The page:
The glycemic index is, in short, a measure of how quickly the carbohydrate content of foods will affect blood sugar levels. Since learning about it in college and subsequently researching the glycemic indices of various foods I eat, it’s been an immensely useful tool in determining the makeup of my meals throughout the day. Knowing the glycemic index of a wide array of foods also helps me figure out the timing of my insulin doses; in turn, preventing crazy spikes or crashes after eating.

I can’t shortchange carbs for the fact that they literally save my butt sometimes, too. When I’m experiencing a low blood sugar, nothing BUT carbs will bring me back up to a normal level. Whether it’s carbohydrates from healthy fruits or straight-up candy, it’s giving my blood sugar the surge it needs to keep me going. Like many things in life, it’s a matter of moderation – making sure I don’t consume TOO many carbs when I’m experiencing a low.

If you’re someone who thrives on low carb, high fat diets, that’s great! I know that many people find this to be a successful method in achieving target blood sugars. But for me, my tried-and-true technique of balancing carbs, fats, and proteins is always going to be my ideal strategy. Just because that’s what works for me doesn’t give anyone a right to criticize me for it. I’m here to live my best life, as we all should try to do. Shouldn’t we encourage one another to thrive, instead of judging?

The answer, if you didn’t realize, is YES.

5 Tips for T1Ds Dining Out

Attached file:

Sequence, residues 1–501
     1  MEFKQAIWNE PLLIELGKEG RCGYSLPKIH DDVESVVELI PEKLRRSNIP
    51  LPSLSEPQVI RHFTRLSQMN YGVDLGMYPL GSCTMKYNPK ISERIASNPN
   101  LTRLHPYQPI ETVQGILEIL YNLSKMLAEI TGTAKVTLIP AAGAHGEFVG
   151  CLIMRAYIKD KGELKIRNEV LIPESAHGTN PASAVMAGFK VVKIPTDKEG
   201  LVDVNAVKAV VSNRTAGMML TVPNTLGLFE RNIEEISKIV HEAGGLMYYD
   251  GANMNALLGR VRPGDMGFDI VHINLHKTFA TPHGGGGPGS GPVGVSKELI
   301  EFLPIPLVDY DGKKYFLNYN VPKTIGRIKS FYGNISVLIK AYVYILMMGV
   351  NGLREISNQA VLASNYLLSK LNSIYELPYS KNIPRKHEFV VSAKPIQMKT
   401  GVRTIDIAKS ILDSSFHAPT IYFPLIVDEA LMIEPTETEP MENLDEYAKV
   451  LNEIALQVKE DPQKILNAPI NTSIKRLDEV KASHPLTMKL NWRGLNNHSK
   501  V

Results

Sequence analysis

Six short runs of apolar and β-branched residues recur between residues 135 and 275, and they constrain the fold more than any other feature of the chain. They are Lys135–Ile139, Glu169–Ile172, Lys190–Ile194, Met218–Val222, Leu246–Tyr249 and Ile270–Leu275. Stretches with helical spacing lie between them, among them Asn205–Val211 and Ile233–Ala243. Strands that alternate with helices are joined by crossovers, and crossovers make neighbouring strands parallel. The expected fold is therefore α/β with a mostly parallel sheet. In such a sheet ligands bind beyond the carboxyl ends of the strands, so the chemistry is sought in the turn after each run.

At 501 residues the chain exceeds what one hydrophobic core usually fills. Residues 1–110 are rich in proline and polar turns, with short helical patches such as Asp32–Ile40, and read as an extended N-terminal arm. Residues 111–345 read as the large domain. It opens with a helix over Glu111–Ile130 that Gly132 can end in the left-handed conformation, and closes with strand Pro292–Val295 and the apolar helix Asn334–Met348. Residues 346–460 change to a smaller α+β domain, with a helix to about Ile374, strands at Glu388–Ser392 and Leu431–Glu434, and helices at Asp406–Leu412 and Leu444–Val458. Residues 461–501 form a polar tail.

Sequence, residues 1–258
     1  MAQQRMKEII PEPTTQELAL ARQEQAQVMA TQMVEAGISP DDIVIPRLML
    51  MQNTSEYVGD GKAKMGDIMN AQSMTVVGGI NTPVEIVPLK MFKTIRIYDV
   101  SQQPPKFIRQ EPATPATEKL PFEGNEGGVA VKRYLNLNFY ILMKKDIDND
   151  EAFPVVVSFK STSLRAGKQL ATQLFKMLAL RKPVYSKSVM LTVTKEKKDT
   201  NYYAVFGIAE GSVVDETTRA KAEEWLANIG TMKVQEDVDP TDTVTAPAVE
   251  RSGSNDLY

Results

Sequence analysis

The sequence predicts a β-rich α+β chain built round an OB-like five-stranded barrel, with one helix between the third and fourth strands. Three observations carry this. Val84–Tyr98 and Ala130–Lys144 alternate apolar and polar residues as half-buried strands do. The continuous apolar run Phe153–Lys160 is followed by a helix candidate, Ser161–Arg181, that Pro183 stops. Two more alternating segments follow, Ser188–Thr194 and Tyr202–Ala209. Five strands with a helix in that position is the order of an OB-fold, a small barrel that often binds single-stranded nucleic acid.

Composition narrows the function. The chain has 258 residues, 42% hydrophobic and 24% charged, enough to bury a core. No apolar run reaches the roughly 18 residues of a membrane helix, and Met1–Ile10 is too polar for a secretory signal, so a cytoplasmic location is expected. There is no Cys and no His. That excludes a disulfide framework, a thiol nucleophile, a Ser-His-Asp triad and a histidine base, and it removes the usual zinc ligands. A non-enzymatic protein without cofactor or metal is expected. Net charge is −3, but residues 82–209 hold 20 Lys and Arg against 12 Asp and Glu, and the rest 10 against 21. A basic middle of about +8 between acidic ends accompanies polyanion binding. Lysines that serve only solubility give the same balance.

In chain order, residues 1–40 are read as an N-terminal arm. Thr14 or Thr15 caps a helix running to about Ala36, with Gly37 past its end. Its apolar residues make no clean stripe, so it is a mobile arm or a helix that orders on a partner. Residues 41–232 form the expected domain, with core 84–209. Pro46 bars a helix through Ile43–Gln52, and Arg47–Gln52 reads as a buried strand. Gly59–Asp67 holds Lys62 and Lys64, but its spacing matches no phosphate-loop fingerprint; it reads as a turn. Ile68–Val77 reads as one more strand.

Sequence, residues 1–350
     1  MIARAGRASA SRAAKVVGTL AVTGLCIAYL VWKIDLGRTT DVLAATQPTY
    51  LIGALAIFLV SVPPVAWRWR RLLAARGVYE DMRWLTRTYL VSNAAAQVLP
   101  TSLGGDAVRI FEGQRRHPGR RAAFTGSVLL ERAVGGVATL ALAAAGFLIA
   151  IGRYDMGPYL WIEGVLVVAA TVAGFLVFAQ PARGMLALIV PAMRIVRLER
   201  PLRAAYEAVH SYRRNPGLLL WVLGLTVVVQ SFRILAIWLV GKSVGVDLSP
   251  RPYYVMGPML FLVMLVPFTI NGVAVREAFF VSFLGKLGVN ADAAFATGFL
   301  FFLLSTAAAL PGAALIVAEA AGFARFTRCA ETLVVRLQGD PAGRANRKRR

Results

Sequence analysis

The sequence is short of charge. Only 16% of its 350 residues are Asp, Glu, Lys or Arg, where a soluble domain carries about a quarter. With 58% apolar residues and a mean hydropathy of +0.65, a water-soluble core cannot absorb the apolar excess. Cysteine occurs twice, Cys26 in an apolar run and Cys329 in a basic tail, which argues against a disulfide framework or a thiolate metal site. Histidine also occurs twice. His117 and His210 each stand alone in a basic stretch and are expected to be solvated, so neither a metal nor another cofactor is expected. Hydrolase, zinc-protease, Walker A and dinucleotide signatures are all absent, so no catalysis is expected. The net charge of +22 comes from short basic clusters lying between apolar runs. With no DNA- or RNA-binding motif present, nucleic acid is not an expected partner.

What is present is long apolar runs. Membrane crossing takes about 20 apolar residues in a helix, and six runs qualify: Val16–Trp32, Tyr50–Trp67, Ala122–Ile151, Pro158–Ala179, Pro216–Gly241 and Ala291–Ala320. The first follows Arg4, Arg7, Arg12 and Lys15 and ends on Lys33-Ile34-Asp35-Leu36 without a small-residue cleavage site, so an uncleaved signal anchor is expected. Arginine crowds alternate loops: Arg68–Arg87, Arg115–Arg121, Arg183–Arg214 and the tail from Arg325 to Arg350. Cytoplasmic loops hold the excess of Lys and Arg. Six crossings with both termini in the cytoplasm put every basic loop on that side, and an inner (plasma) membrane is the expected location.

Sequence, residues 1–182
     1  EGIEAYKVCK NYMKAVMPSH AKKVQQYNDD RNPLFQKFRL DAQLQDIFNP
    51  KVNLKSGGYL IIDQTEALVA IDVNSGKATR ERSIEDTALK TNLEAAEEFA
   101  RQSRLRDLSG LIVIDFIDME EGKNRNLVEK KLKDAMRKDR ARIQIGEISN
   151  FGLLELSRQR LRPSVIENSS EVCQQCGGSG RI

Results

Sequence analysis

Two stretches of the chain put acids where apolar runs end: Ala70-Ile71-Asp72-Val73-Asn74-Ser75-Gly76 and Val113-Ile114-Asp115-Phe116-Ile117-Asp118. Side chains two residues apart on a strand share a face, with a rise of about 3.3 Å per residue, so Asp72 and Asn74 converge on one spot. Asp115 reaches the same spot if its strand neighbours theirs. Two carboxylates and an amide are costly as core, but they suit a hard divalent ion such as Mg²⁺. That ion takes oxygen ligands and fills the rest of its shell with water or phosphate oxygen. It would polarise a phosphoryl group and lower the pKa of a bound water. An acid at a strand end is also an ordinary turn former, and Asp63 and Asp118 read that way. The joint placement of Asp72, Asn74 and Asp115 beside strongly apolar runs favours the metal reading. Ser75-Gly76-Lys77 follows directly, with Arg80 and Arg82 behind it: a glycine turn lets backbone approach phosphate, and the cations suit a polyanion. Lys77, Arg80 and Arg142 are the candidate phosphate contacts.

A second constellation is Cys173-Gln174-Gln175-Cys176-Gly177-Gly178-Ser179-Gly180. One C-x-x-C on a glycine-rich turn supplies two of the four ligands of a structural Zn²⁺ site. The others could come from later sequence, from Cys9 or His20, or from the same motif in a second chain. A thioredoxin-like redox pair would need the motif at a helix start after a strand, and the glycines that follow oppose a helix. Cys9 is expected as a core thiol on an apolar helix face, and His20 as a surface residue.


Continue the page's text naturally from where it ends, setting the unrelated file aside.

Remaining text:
Nothing beats home-cooked meals. But it is nice to go out to eat after a long workweek or to celebrate a special occasion. It’s a good way to unwind and socialize.

And like many other things, it’s also a little bit more complicated when you have type 1 diabetes. Not every T1D might feel the same way as I do, but there are times when I feel worried about going out to eat. Specifically, I start asking myself questions like, “Will there be a decent variety of lower-carb choices on the menu? Have I had this kind of cuisine before, and can I accurately predict how it will impact my blood sugar? Can I order what I actually want to eat without worrying about the carb content? Will the portion sizes be too small or too big? How long will it take for my meal to arrive, and does this mean I can safely pre-bolus for it?” Sadly, those are just a few of the questions that come to mind before some restaurant excursions.

5 tips for t1ds dining out

That’s why I like to remind myself of the following five tips. They’re pretty common sense, but then again, they’re also key for me to enjoy a meal out guilt-free and in a way that works best for my diabetes.

  1. Cut down on carbs, as needed. I’ve learned that one of the best ways to make sure my blood sugars cooperate during a dinner out is to try to reduce my carb intake as much as possible. After all, most restaurants don’t have nutritional information readily available for diners to consult. As a result, it’s impossible to know every single ingredient that could be in a given dish, let alone their carbohydrate content. So that’s why I cut corners where I can. If I’m craving a burger, I order it and ask for it without a bun. I substitute fries or other starchy sides for a salad or seasonal vegetables. If I notice that a pizzeria can make a cauliflower crust instead of a normal one, then I ask for it. I find that using this strategy helps me in just about any kind of restaurant. And if I find myself wanting to order something really high carb (which is rare), then I rely on tip #2.